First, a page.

The latest Transparency International corruption ranking report, which blasted Romania with the lowest score among EU-27 states on Monday, does not mirror the real level of corruption in the country because it does not reflect the reforms reported over the past year, Mikos Marschall, TI regional director for Europe and Central Asia, suggest in statements for the German

href=",1518,446803,00.html" TARGET="_blank">Der Spiegel Online.

The reality is the country is less corrupt than perceived”, he says, referring to the 3.1 score Romania has received in the TI Corruption Reception Index published on Monday. The 3.1, on a scale from zero to ten, means rampant corruption.

This is the second lowest ranking in Europe after Albania and the lowest among the countries that would form the European Union in 2007.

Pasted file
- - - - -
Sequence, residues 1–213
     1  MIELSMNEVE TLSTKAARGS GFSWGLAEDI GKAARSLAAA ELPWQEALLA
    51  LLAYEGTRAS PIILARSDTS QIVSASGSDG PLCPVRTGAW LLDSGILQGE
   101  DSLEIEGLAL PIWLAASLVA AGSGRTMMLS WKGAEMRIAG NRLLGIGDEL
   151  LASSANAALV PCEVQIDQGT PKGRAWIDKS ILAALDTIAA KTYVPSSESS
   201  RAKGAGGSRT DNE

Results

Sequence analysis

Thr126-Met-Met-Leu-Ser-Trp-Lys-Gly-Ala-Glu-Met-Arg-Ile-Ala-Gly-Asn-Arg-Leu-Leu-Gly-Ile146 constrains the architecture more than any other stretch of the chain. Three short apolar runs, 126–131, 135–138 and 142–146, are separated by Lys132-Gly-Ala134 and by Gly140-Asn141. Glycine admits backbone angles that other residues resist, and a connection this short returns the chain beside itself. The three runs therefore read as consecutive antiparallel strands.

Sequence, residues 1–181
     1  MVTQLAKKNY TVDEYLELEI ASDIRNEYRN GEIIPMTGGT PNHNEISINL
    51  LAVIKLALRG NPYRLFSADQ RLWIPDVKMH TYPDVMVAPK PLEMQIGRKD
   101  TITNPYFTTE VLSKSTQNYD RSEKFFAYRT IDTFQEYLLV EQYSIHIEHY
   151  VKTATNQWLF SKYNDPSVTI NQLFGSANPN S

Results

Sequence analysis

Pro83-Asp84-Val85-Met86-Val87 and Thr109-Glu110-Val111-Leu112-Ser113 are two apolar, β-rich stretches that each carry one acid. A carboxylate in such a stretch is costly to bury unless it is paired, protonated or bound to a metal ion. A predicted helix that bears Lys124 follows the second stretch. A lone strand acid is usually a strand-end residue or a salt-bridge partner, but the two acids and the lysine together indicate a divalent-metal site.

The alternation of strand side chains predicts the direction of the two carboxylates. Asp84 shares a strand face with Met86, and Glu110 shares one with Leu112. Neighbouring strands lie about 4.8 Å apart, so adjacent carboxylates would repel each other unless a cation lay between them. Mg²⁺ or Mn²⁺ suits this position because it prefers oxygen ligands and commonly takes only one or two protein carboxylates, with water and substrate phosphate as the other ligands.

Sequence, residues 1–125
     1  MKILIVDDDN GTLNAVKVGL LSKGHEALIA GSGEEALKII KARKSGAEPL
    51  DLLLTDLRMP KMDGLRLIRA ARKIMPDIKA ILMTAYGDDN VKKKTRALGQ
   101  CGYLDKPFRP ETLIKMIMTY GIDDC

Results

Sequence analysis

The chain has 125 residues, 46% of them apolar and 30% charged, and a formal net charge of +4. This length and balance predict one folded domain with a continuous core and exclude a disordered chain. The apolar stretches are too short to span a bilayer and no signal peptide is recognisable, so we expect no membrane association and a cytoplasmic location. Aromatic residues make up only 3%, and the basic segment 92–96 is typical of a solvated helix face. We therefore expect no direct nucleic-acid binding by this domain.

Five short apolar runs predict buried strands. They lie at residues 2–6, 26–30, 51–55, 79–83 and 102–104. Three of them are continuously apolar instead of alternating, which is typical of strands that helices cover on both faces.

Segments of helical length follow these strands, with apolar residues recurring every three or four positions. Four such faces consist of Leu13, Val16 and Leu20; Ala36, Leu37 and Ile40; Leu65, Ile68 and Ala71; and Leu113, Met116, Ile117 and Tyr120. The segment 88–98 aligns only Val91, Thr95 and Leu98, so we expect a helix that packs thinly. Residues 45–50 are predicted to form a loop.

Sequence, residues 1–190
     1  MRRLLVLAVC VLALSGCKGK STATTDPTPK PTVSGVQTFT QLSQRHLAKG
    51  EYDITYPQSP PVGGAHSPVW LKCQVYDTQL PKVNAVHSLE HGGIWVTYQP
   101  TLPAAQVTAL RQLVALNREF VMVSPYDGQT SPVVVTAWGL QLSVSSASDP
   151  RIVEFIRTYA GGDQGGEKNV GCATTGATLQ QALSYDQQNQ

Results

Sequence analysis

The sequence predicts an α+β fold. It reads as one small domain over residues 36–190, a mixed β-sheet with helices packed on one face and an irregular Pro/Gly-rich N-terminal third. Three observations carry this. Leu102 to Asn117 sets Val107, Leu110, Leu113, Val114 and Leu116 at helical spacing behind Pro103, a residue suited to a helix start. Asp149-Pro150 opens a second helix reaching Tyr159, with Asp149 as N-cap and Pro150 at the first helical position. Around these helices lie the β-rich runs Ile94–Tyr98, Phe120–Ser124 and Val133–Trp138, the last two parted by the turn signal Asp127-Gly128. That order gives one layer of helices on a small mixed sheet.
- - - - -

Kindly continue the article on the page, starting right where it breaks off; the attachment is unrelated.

Der Spiegel also quotes the Economist Intelligence Unit in showing that the FDI has been rising in Romania, which means business in the country is becoming more attractive. And the German publication mentions Romanian Justice minister Monica Macovei as one to thank for advances in fighting corruption.

Still, it reports that “bribes are considered commonplace for basic services like health care” while the Romanian Justice system is struggling. And it quotes TI CEO David Nussbaum, who believes pressure is still needed to boost reform in Romania and Bulgaria despite ongoing progress.